Pierre Garçon confirmed that he has been diagnosed with a plantar plate tear on the bottom of his right foot, near his second toe.
The diagnosis was made Wednesday in Charlotte, N.C., by prominent foot and ankle specialist Dr. Robert Anderson. Garçon said the diagnosis is what the Redskins feared all along.
“There’s no real timetable or specific treatment to get it healed,” said Garçon, the team’s No. 1 wide receiver.
Surgery is an option, Garçon said, but that would likely end his season. So he intends to try a combination of medication, rest and treatment in an attempt to get back on the field.
“We don’t really want to think about that at all,” added Garçon, who said he has not had any surgeries previously and wants to “keep my streak alive.”
Garçon first felt a twinge on the bottom of his foot during the preseason but continued to play on it, believing it was not serious. But he felt a “pop” while sprinting during the season-opener in New Orleans.
Since that game, Garçon has missed four of six contests because of the injury.
The 26-year-old also said he can play through the painful injury, but that it seriously limits his effectiveness. Garçon also said there is a torn ligament in the affected area.
“I can play with it, but I can’t really run full speed,” he said. “I can’t really explode, be as fast as [normal]. It’s that painful.”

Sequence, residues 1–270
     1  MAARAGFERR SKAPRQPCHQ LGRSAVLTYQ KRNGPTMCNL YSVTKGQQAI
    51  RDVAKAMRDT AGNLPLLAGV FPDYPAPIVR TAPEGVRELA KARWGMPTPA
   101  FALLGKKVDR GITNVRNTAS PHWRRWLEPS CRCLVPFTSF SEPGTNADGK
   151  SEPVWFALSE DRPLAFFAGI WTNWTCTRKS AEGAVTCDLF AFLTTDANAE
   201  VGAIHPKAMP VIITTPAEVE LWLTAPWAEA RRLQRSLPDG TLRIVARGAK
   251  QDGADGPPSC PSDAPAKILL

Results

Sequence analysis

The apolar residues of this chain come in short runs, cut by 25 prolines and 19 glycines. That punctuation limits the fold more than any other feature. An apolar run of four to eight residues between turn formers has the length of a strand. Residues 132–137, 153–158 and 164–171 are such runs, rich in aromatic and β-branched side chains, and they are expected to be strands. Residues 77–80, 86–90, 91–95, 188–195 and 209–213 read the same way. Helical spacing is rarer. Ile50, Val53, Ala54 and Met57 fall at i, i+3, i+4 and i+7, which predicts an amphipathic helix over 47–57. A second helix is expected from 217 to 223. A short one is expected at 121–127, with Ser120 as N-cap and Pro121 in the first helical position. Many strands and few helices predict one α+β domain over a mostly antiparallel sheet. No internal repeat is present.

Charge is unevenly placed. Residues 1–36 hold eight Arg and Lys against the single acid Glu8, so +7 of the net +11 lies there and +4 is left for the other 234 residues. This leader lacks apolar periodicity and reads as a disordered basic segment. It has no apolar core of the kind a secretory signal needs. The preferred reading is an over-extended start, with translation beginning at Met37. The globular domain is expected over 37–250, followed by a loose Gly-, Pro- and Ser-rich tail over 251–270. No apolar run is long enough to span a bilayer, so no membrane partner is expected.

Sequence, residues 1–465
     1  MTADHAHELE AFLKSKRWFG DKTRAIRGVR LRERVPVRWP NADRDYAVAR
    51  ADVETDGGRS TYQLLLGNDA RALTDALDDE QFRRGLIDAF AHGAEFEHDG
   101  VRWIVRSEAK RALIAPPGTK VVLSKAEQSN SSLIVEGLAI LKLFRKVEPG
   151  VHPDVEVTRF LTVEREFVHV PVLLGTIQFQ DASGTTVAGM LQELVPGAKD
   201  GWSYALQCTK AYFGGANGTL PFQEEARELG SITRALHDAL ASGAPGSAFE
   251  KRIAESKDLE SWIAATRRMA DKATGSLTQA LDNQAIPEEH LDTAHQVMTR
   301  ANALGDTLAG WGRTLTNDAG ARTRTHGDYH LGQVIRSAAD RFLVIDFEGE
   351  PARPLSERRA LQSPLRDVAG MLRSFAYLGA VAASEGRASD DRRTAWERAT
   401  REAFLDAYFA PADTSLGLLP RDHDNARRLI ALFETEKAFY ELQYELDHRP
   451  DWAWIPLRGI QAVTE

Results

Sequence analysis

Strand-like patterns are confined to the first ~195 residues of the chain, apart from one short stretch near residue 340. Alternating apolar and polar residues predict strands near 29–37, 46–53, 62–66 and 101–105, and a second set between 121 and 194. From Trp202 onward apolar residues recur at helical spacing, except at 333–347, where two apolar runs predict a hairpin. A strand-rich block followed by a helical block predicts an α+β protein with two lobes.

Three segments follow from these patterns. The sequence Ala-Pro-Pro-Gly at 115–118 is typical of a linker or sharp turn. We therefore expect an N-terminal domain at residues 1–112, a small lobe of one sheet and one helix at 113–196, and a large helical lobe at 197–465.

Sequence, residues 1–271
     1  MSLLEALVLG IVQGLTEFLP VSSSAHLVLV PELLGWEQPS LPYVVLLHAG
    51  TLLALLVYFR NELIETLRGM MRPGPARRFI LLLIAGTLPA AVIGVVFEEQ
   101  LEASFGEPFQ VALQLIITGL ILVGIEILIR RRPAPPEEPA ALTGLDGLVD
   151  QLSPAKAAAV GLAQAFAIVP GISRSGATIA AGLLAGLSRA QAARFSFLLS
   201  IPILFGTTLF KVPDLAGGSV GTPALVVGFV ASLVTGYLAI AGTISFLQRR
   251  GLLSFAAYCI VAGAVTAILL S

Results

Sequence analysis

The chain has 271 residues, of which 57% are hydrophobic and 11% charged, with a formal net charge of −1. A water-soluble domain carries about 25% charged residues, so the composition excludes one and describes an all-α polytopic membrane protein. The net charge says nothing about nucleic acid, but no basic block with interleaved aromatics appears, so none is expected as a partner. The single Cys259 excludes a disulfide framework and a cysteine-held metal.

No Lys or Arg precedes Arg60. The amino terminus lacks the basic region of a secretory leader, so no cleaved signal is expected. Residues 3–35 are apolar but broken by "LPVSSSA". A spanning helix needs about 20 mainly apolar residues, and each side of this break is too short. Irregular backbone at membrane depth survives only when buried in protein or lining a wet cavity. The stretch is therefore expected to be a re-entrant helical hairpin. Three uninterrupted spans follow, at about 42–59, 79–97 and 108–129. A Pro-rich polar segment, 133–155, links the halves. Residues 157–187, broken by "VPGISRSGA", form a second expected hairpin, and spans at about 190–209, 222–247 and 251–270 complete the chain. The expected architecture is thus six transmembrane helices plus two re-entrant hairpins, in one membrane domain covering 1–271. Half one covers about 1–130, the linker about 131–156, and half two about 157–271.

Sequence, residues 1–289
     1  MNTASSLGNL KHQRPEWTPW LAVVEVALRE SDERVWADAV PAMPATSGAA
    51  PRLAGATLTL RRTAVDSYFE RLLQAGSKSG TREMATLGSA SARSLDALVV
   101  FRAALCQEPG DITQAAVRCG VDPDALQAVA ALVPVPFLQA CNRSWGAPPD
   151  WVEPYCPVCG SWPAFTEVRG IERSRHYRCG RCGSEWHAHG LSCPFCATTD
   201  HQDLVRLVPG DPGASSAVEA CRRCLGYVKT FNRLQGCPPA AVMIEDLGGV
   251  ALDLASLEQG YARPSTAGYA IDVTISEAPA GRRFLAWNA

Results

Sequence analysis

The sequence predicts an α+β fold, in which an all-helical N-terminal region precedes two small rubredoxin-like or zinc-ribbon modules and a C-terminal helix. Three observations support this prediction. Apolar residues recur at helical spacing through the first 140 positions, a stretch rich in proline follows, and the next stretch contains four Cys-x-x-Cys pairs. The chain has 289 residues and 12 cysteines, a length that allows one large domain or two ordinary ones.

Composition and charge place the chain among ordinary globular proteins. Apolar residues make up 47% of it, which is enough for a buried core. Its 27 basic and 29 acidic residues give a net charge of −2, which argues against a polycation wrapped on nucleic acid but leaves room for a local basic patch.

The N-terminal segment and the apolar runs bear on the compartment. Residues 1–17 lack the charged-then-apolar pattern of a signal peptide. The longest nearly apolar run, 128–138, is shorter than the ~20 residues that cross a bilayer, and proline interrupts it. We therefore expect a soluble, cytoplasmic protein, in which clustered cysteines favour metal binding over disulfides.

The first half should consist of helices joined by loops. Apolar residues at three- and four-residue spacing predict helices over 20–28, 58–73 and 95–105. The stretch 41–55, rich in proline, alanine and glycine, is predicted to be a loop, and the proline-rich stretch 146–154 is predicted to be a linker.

“I was out there already,” Garcon said of returning against the Buccaneers and Falcons. “I can keep going, keep trying. But I’m out there to make plays, not to just distract [defenses]. If coach wants me to go out there, I’m more than willing to do it.”
If the foot does not improve in the coming weeks, Garçon hinted that he and the team will discuss the possibility of surgery, saying, “We’ll keep trying it until Coach makes a decision, or we all make a group decision.”
Until then, Garçon said, he’ll wake up each morning and attempt to push off. If the foot feels better, he might even cautiously attempt to practice.
“The doctor said injury can’t get worse, but it can feel worse,” he said. The toe “can get dislocated [or cause] another injury because of overcompensating for it.”